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# worm train

You know how a worm moves along? Well...
 (+26, -8) [vote for, against]

A worm moves along the ground by passing longitudinal compression waves through its body so that every part of its body is alternately stretched and compressed - e.g. it stretches out its 'neck' which is stationary while it bunches up the bit of its body just behind, and so on.

So, getting to the point - A train which worked the same way would be miles long. Externally it would be covered in some kind of stretchy fabric. Internally, the walls would be made of grilles such as you see in old lifts (elevators), with seats fixed to the uprights. You'd board a 'compressed' bit of the train, take a seat, and the bit of the train you're on would then stretch out towards the next station (and here, the gap between your seat and your neigbour's seat would increase). A few more compression/extension cyces and you'd be at the next station.
This would work especially well on London's Circle Line (as its name suggests, a loop, 13 miles in circumference) which would be occupied by a circular train.
 — hippo, Jun 12 2001

SRL's Inch-Worm http://www.srl.org/shows/web98/img8.html
Not something you really want to ride... [rmutt, Jun 12 2001, last modified Oct 21 2004]

Robot snake http://robby.caltec...hardware/snakey.gif

 I'm not sure whether it would be very comfortable in practice, but it's a nifty idea. Not sure if I'm misunderstanding this, but ...

 hippo wrote: « and here, the gap between your seat and you neighbour's seat would increase »

 Couldn't this cause practical problems? What would happen if you placed something on the floor while the train was in its expanded state?

Also, why would the train have to be miles long? Surely it would work just as effectively if they were only slightly longer than normal trains, but with a greater number of compression waves to travel a given distance. (The frequency would be correspondingly higher.)
 — cp, Jun 12 2001

impractical + fun = one croissant!
 — mihali, Jun 12 2001

 this would only work if everyone was strapped to the floor/walls etc.

what sort of height would the upward 'lurch' reach? I can just see all these afternoon commuters boarding the worm train, strapping in and going on reading their newspapers, swinging and lurching onto the next station without even looking up. i also think worms are require lubrication/stickyness to do their thing. perhaps a custard worm train?
 — benfrost, Jun 12 2001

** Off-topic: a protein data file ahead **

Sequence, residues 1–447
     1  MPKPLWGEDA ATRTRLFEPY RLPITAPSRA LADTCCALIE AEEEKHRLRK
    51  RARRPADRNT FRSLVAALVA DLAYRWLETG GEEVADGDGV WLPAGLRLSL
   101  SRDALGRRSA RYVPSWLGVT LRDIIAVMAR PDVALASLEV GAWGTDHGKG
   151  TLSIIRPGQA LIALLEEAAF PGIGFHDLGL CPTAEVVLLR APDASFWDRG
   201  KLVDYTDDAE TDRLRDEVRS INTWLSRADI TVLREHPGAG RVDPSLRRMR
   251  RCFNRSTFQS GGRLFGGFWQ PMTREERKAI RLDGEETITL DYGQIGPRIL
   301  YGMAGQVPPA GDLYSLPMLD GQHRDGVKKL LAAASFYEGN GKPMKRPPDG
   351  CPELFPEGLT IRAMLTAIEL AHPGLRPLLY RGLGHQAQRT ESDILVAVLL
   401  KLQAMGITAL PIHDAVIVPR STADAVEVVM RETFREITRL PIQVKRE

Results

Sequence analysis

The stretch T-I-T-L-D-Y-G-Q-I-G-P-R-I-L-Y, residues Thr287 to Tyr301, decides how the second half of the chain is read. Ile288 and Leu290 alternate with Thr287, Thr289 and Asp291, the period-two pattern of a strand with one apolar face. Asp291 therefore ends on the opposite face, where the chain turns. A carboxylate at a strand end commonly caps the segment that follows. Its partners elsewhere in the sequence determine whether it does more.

//what sort of height would the upward 'lurch' reach?//
That would be an 'inching' worm train. If applied correctly that would reduce stairclimbing.
 — reensure, Jun 12 2001

[waugsqueke] Absolutely right.
[benfrost] There's no upward lurch - the train moves forward through compression waves, not uppy-downy waves (technical term).
[cp] The floor would require some thought. I envisage having it made out of overlapping steel plates.
[Mephista] What's IHS?
 — hippo, Jun 12 2001

I think the key here would be a solid train car with a wormlike exoskeleton. You could take a regular subway car and surround it with some large external rings that move back and forth on pneumatic pistons and voila you're worming your way to work.
 — borivan, Jun 12 2001

[borivan] Good thinking, but I'd prefer the occupants of the train to be able to see the worming motion from inside the train which they wouldn't be able to do if this was an exoskeleton built on top of existing subway cars. Also (in London) there's sometimes only a couple of inches clearance between the subway cars and the tunnel walls so the exoskeleton solution would be difficult to make work on existing subway networks.
 — hippo, Jun 12 2001

OK no exoskeleton. If you want to experience the motion of the worm you could ake individual compartments that hold 2 to 4 people. each compartment could have it's own door and a light on the outside of the worm to indicate weatehr or not it was occupied. it'd be just like private cabins on commercial trains only each cabin would be separate. that way you could avoid joints in the middle of a "train Car" and still experience the worm motion.
 — borivan, Jun 12 2001

...and poop dirt out of the back too?
 — mihali, Jun 12 2001

To control lurching just have the Worm Train do it's compression-expansion in a reasonably smooth, controlled manner--no more lurch than a nice smooth elevator, for instance. Fantastic idea, hippo.
 — Dog Ed, Jun 12 2001

Nobody has asked how the thing is powered. What mechanism causes the lurch, and how? Are we talking about a system of pistons, with a network of synchronized electric motors on each piston, compressing and decompressing according to a programmed pattern? Or what?
 — globaltourniquet, Jun 12 2001

How to power it? Well surely we have to take the 'hovertrain' as our example, and use a magnetic linear motor. All you would need to do is to time the current into the static magnets below the train, as per the hovertrain (originally prototyped in UK, but working in japan) this effectively sends a wave of energy down the track. The current train rides on top of the wave (or in reality just in front - it sort of surfs on the magentic repulsive force, which due to timing is angle forwards instead of straight up (which is why the train moves forward rather than just hovers. speed is obviously controlled by the angle of the force to the track), but see no reason why this wave couldn't be converted to a 'wave' inside the train. Would give exactly the kind of smooth avcceleration and deceleration that you need to stop the jarring.